We assert that there is an inherent weak link in the present design convention of the AI (Attitude Indicator) universally, regardless of the underlying technology used to display aircraft attitude whether it be electronic or mechanical. As a result, during one of the most critical phases of the flight i.e. unusual attitude (whether intended or unintended) there is no single instrument available to guide the pilot without the need for mental gyrations (read time-consuming “instrument crosscheck”) by forcing the pilot first to interpret information prior to initiating corrective control inputs and all this during one of the most stressful flight regimes.

Recall the quote All pilots do learn to control flight attitude by reference to the artificial horizon...but they still see the horizon bar as the part of the display that moves and not the little airplane symbol, perceptual confusion leads to strong tendency to control the part of the display that is moving, not the part that is fixed. They naturally expect the moving part to move in the same direction...”

Source: “Performance in General Aviation," edited by David O’Hare and published by Ashgate in Aldershot, England.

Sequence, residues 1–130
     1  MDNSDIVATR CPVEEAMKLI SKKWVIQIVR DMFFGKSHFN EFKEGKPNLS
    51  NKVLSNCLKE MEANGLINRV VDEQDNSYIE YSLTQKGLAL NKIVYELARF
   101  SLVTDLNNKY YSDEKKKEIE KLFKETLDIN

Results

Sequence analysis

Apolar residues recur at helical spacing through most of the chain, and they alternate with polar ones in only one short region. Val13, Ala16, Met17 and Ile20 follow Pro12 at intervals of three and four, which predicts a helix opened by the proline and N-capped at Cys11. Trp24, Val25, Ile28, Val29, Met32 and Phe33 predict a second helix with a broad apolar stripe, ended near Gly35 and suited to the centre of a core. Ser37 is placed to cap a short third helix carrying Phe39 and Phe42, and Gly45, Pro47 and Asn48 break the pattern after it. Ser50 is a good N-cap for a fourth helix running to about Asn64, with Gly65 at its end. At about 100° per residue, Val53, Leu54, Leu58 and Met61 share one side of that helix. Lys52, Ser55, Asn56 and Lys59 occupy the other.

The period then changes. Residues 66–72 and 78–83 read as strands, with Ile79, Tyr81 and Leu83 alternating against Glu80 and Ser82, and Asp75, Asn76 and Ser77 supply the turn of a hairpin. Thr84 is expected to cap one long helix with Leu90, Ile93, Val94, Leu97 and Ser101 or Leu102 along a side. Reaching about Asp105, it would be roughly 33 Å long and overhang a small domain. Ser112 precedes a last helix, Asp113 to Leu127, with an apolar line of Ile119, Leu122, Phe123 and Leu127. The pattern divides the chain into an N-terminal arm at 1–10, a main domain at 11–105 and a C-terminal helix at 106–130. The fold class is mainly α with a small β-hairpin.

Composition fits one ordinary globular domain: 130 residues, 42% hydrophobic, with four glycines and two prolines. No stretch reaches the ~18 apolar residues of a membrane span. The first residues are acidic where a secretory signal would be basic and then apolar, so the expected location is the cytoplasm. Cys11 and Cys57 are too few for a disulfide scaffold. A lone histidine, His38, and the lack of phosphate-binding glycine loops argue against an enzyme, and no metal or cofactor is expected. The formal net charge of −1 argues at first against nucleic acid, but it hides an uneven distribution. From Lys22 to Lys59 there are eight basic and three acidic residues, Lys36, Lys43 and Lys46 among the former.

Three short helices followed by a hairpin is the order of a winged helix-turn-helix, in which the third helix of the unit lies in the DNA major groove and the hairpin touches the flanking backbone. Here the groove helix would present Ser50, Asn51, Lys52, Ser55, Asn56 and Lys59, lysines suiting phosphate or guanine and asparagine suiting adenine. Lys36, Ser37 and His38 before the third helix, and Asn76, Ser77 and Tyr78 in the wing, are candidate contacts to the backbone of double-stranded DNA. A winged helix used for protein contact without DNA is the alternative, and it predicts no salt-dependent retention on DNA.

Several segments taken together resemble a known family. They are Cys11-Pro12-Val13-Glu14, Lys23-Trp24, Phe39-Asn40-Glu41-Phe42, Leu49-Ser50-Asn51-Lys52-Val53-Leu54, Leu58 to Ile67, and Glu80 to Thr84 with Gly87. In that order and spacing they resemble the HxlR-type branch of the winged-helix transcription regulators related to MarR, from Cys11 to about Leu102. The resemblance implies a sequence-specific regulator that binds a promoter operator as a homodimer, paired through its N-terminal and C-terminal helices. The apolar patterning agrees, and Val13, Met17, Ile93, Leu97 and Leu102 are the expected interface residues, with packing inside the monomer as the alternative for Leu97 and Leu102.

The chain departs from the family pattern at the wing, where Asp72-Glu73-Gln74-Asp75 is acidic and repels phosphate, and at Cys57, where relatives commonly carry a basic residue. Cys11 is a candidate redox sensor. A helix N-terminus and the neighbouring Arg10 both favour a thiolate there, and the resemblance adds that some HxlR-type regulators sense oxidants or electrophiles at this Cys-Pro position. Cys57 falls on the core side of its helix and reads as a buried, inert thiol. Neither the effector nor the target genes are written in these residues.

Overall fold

Followed by the assertion from NATO “When the aircraft is rolled left, the artificial             horizon is actually banked to the right, causing a control symbology movement mismatch.” Source: Paper presented at the RTO HFM Symposium on “Spatial Disorientation in Military Vehicles: Causes, Consequences and Cures”, held in La Coruña, Spain, 15-17 April 2002, and published in RTO-MP-086.

The controversial debate about what frame of reference we should use for attitude displays is still not entirely settled. The issue concerns whether to use an inside-out or outside-in representation, and the debate is almost entirely about its presentation in the central visual field.”- Source: Defense Technical Information Center, 2002

 ”We continue to lose fine pilots and aircraft every year. Given that non-material solutions (e.g., training and safety stand-downs) have not reduced the SD mishap rate below the current level, the largest portion of the blame may now rest with aircraft designers, in particular human factors engineers, who design instruments that provide information only when the operator devotes visual attention to that instrument.”- Source: Naval Aeromedical Research Laboratory, 2002

 We agree! The core of the design challenges, therefore, facing those who aspire to significantly improve the ergonomics and human machine interface is the ubiquitous proclivity to favor the preservation of “congruency with the real horizon”.  We, on the other hand believe, continued obsession with the “blue & brown” symbology is a function of historical bias. In fact, there is no correlation between long tenure of the present design and its efficacy. On the contrary, passionately worshipping the blue & brown symbology is justifiable only if one ignores historical accident statistics. The images below indicate the continuing struggle among the designers’ goal for improved symbology. In other words, we hypothesize, that the horizon IS the problem.